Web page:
Mtn. View Accepts Google's Offer of Free WiFi

From The San Jose Mercury News via Dewayne's list

Posted on Wed, Nov. 16, 2005

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Mtn. View accepts Google's offer of free WiFi By Renee Koury Mercury News

With hometown Internet star Google offering to blanket Mountain View with free wireless Internet access, the city is leaping ahead of neighbors in the race to be Silicon Valley's most tech-savvy town.

City leaders unanimously accepted Google's offer Tuesday night to make Mountain View the first city in the Bay Area -- and possibly the country -- to get a full umbrella of free WiFi coverage. Google will install as many as 400 transmitters the size of a shoe box on streetlamps throughout the city.

As part of a five-year contract starting by June, Google will test the system, which will link wireless-ready laptops to the Internet in most of the city. In a matter of months, surfing the Web with a wireless laptop should be possible from a sidewalk cafe on Castro Street. But a paddleboat at Shoreline Park might be problematic -- unless it's near a streetlamp.

"It's going to make us one of the first, if not the first, to have citywide Internet . It's a pretty cool thing," Mayor Matt Neely said. "We're thrilled for all our neighbor cities who get to follow our lead."

The council's gleeful approval came despite concerns over radiation and privacy. Google maintains the radiation level is far below federal limits and that of most cell phones. The company also offered assurances about protecting users' information.

While cities across the Bay Area are moving ahead with plans to offer wide swaths of free WiFi coverage, the Google deal propels Mountain View into the spotlight. San Francisco is considering a similar offer from Google to test free WiFi citywide. San Jose officials recently approved a deal to link their downtown to free wireless access, as well as community centers and branch libraries.

Palo Alto has plenty of WiFi hot spots, especially downtown. But the city is on a different quest to become the first in the Bay Area to bring a fiber-optic connection to every home. The big sticking point has been the estimated cost of $40 million.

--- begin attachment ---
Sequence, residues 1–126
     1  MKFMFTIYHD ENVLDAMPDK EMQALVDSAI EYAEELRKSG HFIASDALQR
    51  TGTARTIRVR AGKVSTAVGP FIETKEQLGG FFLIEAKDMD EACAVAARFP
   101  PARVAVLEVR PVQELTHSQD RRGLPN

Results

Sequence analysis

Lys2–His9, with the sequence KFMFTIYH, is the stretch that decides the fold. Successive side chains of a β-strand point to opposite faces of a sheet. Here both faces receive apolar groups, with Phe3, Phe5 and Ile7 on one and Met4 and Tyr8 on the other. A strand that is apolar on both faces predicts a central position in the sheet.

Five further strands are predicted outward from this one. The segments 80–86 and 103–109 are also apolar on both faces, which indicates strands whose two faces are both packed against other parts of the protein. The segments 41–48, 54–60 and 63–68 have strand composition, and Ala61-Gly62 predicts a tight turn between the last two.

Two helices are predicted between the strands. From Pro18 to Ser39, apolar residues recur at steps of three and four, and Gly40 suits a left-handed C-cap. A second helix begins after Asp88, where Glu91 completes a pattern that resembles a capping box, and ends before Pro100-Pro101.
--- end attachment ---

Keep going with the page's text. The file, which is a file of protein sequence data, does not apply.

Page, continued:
"It would be nice to have the free Internet for those who want it, but wireless can only do certain things," Palo Alto City Councilman Bern Beecham said.

Instead, he said, the city is more interested in pursuing fiber-optics, which can provide residents with far greater digital possibilities such as downloads of movies and large computer files. The plan is scheduled to come up in January when new council members take office.

Mountain View leaders say it's only fitting that their city get free citywide Internet access, since Google sprouted in its back yard and has grown to become one of the world's most powerful Internet search engines.

"We are in the birthplace, the heart and soul of Silicon Valley, so not to have citywide WiFi is almost embarrassing," City Councilman Mike Kasperzak said. "It's great for people who live here, who work here, who want to go sit downtown and log on, and to some degree it's helping Google test out a theory."

But Google warns the signal may weaken behind walls, and users might need extra equipment that costs up to $100 to improve reception.

Google already has set up test centers at Kapp's Pizza Bar and Grill on Castro Street in Mountain View and Airborne Gymnastics in Santa Clara. Most customers at Kapp's didn't even realize they could turn on their laptops and be online for free. The exception was Huberto Acevedo, 26, of San Jose, whose father owns Kapp's. He was sitting in a corner browsing the Internet and viewing e-mail.